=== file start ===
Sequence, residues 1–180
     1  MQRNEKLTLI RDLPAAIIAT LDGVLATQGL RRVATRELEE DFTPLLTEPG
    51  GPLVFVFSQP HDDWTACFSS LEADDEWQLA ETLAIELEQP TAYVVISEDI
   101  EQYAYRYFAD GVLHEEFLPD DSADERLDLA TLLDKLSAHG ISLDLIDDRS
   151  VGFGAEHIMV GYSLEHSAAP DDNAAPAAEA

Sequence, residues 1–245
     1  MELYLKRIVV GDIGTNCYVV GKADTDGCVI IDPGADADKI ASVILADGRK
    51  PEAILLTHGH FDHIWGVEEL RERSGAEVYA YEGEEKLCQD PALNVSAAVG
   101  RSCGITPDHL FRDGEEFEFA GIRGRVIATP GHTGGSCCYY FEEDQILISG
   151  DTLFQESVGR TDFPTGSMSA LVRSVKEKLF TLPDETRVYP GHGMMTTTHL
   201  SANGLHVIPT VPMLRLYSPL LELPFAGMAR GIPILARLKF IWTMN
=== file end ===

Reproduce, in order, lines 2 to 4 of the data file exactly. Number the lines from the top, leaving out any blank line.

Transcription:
     1  MQRNEKLTLI RDLPAAIIAT LDGVLATQGL RRVATRELEE DFTPLLTEPG
    51  GPLVFVFSQP HDDWTACFSS LEADDEWQLA ETLAIELEQP TAYVVISEDI
   101  EQYAYRYFAD GVLHEEFLPD DSADERLDLA TLLDKLSAHG ISLDLIDDRS